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Earthquake damage has thrown into question the adequacy of many home and business owners' insurance cover.  Some property owners have placed cover through an insurance broker.  If the cover has proved to be inadequate, these owners may well be looking for an answer from their broker.

The High Court has recently decided in Marchand & Ors v Jackson1  that a broker who failed to place insurance cover for his client home owners was in breach of his duty to act with reasonable care and skill.  He was liable for the losses suffered by his clients as a result of the lack of insurance cover.

The facts were rather unusual in that the broker did not place any cover at all, despite telling his clients that cover was in place.  In fact, before the September 2010 earthquake, the broker paid a contents claim out of his own pocket.  The broker had done the groundwork to place the cover, but for reasons unknown, never took steps to ensure cover was bound.  The broker's health and business pressures may have been a factor.  This meant that there was no cover for the earthquake damage to his clients' house.

The Court considered whether cover would have been available, had the broker sought to place it, because one homeowner had dishonesty convictions for making false claims under a previous insurance policy.  The Judge decided that, on the evidence, this would not render the property uninsurable.  It was likely that the clients could have obtained full replacement insurance from an insurer – and the particular insurer from whom the broker had sought cover.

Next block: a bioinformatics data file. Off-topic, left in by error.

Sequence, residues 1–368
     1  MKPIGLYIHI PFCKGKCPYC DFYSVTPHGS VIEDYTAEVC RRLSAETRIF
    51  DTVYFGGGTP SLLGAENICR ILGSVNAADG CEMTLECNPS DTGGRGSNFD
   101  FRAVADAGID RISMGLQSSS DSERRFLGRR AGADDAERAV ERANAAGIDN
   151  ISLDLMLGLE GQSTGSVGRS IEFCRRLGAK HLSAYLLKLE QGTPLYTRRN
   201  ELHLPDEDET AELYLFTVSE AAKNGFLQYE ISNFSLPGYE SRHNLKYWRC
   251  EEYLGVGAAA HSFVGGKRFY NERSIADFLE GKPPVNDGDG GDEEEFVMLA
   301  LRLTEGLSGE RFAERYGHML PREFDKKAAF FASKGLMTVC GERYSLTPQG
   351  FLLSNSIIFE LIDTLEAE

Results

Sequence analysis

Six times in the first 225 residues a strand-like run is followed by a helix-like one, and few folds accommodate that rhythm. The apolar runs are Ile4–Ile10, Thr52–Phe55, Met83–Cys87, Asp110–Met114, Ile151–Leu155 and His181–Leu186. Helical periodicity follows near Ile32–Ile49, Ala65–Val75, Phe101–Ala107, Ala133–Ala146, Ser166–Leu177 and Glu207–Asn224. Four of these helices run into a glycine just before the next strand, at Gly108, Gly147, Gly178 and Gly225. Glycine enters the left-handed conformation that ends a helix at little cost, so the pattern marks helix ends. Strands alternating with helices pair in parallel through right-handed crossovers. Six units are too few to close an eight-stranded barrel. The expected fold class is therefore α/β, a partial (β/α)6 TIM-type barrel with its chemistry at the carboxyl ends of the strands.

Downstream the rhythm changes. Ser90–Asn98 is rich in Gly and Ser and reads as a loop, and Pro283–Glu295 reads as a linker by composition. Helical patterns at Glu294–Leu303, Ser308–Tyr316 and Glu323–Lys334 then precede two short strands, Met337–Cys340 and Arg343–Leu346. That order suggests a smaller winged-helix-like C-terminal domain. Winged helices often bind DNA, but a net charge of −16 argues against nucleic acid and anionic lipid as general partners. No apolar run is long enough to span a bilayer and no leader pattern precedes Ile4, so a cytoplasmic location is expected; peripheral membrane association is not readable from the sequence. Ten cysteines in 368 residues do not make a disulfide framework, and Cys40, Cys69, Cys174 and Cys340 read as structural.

The clients' house was worth approximately $1.5m.  However, the final assessment of the clients' loss, for which the broker is liable, has been adjourned to a later hearing.

The facts here are not common.  The situations more likely to lead to a claim against a broker will be the level or type of cover, incorrectly stated floor areas of the house, whether the broker should have attempted to remove certain policy exclusions; the exclusion from cover of particular house or property improvements; or misrepresentations by the broker about the actual cover in place.

With pressure now beginning to tell for some property owners still battling with their insurers, there may well be further cases being brought before the courts for insurance losses where a broker is alleged to be at fault.

Marchand and others v Jackson, 2 November 2012, Christchurch High Court, Kos J, CIV-2011-409-810

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